So far the new attention has not boosted the division. In the first quarter, PepsiCo reported a 6% revenue drop for Quaker Foods North America, while the company's other units all had positive growth that met or exceeded analyst expectations.
PepsiCo, in its first-quarter earnings statement, blamed the recent revenue and volume drop on "declines in center-of -store categories," including cereal. The cereal category has suffered for sure, partly a result of more people eating breakfast out of home and competition from other products such as yogurt, according to a UBS report. But sales of Quaker cereals -- whose top brands are Life, Cap'n Crunch and Oatmeal Squares -- have fallen faster, dropping 3.2%, compared with the category-wide 2.6% drop in the year ending April 17, according to SypmphonyIRI data, which do not include Walmart.
More worrisome is that Quaker's flagship hot-cereal and oatmeal business is lagging behind the competition. While still leading the market with 56.2% share and $476 million in sales, Quaker brands lost 1.9 share points as sales dropped 4.5% in the year ending April 17, according to Symphony IRI. Quaker lost ground to B&G Foods, maker of Cream of Wheat, whose sales jumped 2.3% to $61.3 million. Meantime, private-label brands have gained, now accounting for more than a quarter of the market, up from 21% in 2007, according to Mintel. Quaker is also facing increased competition from chains such as McDonalds, Starbucks and Jamba Juice, which are aggressively pushing oatmeal.
In the granola-bar category, Quaker sales fell 3.32% to $301 million, while sales for category leader General Mills, maker of the Nature Valley brand, leapt 15.5% to $353 million. And in the cereal-bar segment, where Kellogg dominates, Quaker sales fell 27.6%. The company now holds just 3.1% share in the category, a drop of more than a point from a year ago, according to SymphonyIRI.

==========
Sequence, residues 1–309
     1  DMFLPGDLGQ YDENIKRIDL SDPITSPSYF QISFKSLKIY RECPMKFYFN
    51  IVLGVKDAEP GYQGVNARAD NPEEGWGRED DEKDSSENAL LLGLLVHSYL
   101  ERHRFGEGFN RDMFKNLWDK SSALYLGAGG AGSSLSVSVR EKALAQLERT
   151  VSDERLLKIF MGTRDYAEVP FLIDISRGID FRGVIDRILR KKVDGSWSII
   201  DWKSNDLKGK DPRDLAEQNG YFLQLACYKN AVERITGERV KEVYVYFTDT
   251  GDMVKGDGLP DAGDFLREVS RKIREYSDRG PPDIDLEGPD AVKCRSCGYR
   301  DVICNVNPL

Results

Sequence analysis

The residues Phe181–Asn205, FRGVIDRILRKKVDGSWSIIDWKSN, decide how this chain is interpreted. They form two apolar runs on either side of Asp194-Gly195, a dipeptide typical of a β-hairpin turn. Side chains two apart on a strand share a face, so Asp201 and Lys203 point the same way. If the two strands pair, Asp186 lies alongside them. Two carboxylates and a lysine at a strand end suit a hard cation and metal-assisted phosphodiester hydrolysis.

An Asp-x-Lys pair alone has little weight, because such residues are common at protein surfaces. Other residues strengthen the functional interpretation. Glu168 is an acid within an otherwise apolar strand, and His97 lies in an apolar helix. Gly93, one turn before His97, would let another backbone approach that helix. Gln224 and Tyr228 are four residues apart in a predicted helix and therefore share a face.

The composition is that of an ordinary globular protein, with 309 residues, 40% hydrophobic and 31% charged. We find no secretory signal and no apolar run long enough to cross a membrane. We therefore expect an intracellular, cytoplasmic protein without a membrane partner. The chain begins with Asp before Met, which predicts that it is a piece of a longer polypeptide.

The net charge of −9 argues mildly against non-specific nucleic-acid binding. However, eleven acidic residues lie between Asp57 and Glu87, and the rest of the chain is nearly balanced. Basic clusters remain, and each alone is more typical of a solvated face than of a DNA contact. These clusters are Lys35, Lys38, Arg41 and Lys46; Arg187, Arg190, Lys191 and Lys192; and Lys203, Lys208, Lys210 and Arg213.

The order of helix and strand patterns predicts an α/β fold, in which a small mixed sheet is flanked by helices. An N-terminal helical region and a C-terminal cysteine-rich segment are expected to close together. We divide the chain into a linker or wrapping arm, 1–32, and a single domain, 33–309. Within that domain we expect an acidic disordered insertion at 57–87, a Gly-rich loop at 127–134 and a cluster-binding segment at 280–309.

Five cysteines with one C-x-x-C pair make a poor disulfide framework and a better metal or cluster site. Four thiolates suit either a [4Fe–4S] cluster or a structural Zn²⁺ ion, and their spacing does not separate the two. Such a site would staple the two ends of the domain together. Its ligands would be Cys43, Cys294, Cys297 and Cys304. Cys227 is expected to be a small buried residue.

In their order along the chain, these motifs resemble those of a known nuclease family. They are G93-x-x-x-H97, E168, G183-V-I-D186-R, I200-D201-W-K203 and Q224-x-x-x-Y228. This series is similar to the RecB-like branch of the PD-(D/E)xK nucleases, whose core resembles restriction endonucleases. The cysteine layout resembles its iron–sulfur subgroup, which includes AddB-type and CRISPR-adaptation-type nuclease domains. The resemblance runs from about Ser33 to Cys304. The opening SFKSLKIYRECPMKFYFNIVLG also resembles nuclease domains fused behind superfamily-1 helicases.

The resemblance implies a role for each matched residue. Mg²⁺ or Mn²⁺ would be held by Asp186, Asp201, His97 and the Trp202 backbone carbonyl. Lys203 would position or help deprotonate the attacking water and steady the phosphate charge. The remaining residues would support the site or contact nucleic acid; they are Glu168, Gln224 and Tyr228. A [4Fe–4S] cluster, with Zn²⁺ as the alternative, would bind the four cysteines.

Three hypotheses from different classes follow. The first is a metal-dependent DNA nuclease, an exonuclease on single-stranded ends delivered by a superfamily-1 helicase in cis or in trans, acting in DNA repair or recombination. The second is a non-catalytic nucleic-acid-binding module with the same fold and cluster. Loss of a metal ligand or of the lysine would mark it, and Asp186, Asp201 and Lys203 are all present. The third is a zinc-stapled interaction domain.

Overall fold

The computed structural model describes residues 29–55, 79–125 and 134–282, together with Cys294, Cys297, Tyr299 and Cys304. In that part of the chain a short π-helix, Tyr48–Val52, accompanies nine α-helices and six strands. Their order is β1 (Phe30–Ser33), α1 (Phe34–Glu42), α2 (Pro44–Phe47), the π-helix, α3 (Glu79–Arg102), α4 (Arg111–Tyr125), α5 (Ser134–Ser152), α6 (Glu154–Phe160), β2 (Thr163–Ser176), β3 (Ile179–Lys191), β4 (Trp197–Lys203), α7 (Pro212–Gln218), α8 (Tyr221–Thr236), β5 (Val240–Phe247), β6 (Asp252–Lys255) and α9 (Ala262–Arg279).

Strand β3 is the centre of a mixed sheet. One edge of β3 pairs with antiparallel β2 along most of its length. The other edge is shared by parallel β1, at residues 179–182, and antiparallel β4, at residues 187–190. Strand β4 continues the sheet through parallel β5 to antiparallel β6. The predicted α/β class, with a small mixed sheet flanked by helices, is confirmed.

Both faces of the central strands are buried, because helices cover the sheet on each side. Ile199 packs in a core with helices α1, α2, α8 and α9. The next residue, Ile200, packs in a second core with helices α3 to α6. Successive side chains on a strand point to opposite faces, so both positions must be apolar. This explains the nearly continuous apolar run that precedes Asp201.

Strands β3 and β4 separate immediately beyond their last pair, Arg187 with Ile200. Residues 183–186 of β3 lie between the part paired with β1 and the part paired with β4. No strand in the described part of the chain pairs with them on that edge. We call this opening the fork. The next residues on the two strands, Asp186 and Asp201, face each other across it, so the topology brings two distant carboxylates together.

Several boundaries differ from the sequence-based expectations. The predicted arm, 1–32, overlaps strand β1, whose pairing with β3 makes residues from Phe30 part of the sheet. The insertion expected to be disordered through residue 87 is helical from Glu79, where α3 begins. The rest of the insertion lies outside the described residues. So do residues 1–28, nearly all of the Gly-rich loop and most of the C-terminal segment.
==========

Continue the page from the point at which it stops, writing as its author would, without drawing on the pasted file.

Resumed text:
Phil Lempert, who runs SupermarketGuru.com, said newer bar brands are "are really out there pushing, and I don't see a lot of marketing behind [Quaker]." It "almost seems like they feel putting the Quaker face on a product will sell it -- but those days are over." Mr. Gorham went so far as to suggest Quaker dump the iconic Quaker man, which he said might not appeal to younger consumers. "It is not the cool snack brand that it might have been a couple of decades ago. As a result of that , it's not really hitting the right consumer," he said.
Still, marketers who have worked on the brand say the Quaker man -- known internally as "Larry" -- still has tremendous cachet with consumers. "Consumers trust [the Quaker brand] more than any brand I've seen," said one former Quaker employee.
As of late, Quaker has tried a variety of executions for "Larry," who in the past three years has been steered by a couple of different ad agencies. In 2009, Quaker launched "Go, humans, go," by Omnicom's Goodby, Silverstein & Partners, which took the account in 2008 from Omnicom sibling and longtime Quaker agency Element 79, Chicago. The effort sought to pump up Quaker's entire portfolio -- and the health claims of oats. Such a broad effort is a tricky proposition, diverging from most packaged-food company efforts, which tend to run brand- and product-specific campaigns. And Quaker apparently wasn't satisfied, moving the account in late 2009 to another Omnicom agency, Juniper Park, Toronto, which launched "Amazing Mornings" last August.
Even in the midst of the changes, Quaker is still generating cash for PepsiCo, with profits up 9% in the first quarter, PepsiCo reported. While small compared to other PepsiCo units, "it's a nice big margin business for them," said Jonathan Feeney, who covers PepsiCo for Janney Capital Markets. "I don't think a company needs to be dominant in a business. They need to make money in a business and right now they're making pretty good money in it."